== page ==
U.S. ARMY CHEMICAL CORPS
Hall of Fame
First Lieutenant Joseph Terry
First Lieutenant Joseph Terry was born in East Liberty, Pennsylvania in 1917. He entered service in 1942 and was Platoon Leader in the 86th Chemical Mortar Battalion, participating in the D-Day invasion of Normandy. His unit received several unit citation awards for their contribution.
First Lieutenant Terry is one of only 9 members of the Chemical Corps to receive the Distinguished Service Cross during WWII. He received this award due to his action during a prolonged hostile artillery barrage upon his unit in December 1944. A direct hit on an ammunition shed near his Soldier’s barracks detonated white phosphorus and high explosives that set the billets on fire. At great personal risk he ran through the smoke and burning phosphorus to alert the troops. Once to safety he heard a Soldier calling for help and again re-entered the billets and rescued a severely wounded Soldier that was unable to walk.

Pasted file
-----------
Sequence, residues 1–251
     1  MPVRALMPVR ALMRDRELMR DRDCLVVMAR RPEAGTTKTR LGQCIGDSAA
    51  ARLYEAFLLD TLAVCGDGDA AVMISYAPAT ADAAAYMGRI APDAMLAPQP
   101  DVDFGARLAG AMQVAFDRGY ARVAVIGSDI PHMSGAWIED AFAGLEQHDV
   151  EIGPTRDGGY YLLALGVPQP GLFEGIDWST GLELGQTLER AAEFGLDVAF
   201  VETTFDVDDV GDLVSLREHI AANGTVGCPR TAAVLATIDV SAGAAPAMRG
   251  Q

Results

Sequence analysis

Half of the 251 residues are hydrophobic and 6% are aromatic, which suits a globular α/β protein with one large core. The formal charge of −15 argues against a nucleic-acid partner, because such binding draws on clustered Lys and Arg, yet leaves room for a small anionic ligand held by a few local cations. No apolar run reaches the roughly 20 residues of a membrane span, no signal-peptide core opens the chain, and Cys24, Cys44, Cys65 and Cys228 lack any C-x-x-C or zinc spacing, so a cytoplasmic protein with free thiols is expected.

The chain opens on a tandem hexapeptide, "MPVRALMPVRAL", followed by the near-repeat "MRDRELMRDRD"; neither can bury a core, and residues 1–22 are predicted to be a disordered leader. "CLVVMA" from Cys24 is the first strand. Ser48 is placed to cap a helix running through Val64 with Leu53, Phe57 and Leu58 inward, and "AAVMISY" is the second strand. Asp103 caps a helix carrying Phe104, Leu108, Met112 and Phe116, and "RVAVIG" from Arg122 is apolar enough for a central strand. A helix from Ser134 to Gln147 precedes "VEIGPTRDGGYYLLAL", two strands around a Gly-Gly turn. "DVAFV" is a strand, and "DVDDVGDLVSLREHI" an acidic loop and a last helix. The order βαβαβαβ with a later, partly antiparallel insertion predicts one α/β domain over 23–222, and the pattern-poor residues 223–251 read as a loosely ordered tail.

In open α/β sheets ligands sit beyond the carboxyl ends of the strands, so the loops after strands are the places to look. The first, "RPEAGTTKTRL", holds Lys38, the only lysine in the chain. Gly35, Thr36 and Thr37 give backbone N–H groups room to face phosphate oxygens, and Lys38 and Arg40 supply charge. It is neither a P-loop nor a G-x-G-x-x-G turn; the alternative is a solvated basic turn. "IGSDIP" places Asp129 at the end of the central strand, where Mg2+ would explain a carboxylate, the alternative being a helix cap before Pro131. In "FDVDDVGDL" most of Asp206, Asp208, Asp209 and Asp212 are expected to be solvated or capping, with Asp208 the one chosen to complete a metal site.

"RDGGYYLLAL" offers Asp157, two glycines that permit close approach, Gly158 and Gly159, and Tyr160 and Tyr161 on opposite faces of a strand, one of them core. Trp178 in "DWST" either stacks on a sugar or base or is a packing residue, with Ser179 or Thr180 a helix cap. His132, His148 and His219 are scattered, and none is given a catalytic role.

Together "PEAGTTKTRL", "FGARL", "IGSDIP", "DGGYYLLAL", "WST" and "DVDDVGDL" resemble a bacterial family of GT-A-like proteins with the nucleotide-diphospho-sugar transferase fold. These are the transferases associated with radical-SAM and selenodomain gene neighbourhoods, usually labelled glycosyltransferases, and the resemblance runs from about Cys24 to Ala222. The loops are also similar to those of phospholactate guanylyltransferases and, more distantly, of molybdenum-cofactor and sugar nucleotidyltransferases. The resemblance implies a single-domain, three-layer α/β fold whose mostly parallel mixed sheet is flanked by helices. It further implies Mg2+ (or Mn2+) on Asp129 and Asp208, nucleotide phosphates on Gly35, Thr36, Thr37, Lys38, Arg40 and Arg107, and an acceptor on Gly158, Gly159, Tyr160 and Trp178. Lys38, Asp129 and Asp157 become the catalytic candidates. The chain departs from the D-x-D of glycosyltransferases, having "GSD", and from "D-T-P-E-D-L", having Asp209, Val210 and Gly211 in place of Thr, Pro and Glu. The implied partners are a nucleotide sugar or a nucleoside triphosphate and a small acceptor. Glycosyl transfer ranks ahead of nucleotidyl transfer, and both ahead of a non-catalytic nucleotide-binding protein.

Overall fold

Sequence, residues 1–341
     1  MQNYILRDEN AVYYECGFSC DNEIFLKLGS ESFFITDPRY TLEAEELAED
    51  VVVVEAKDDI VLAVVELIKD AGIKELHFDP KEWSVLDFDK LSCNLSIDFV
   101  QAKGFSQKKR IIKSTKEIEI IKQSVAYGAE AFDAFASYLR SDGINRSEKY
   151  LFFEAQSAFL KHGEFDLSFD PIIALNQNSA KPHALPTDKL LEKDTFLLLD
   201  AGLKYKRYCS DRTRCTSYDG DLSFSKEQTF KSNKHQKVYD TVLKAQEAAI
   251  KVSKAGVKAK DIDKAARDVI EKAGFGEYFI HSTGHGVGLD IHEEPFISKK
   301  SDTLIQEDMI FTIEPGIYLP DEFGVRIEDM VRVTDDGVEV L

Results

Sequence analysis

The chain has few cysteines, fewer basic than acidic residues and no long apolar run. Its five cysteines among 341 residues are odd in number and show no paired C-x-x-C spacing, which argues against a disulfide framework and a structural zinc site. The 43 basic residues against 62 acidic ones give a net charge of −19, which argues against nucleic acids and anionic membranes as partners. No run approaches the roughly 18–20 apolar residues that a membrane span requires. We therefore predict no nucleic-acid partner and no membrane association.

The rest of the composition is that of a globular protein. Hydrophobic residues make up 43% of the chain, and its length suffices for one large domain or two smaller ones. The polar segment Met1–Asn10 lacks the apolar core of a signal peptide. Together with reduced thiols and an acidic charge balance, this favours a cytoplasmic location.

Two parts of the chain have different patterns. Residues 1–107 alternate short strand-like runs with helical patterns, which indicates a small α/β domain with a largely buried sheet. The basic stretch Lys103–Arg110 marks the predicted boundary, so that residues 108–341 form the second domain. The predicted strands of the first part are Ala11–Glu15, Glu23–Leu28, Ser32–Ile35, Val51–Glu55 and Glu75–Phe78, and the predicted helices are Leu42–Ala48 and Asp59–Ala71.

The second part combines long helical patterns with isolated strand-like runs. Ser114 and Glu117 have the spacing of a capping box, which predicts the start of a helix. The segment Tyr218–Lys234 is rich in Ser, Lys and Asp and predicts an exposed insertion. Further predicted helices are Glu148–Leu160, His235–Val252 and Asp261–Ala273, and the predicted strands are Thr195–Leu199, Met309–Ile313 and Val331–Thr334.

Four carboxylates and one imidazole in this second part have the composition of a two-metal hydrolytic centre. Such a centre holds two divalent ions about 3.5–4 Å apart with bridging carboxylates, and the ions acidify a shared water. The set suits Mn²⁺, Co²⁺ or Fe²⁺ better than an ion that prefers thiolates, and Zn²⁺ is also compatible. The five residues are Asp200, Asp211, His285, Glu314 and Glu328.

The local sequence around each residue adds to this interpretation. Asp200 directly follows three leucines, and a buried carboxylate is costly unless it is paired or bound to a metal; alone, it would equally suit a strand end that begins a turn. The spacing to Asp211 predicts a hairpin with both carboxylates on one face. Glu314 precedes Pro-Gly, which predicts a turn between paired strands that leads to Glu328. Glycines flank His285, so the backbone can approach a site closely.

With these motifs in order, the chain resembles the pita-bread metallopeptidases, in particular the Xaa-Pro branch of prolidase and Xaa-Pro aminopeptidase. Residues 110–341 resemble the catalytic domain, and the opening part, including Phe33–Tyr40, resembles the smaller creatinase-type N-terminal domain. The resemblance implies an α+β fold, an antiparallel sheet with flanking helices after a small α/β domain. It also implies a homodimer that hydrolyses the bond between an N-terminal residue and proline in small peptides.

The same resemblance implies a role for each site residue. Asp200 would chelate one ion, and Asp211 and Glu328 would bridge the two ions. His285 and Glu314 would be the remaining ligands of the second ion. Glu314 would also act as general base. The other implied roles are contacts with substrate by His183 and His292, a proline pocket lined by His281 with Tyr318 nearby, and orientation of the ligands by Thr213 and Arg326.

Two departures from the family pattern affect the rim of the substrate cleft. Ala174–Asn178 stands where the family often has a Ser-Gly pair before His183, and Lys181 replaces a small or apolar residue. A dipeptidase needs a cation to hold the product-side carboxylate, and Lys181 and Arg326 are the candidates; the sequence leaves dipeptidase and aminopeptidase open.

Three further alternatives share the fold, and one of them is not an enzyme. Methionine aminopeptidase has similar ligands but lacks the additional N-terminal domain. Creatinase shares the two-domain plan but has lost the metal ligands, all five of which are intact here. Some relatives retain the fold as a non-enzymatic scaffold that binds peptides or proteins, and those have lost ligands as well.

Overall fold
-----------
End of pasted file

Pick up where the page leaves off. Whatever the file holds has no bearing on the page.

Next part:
In all, First Lieutenant Terry saved the lives of six men and showed daring and courage in the face of great danger.
First Lieutenant Terry is also the inventor of the Azimuth Position Finder. Designed to fire mortars more accurately at night, the device was first used successfully in Brest, France, September 10th, 1944 and again successfully for many years thereafter.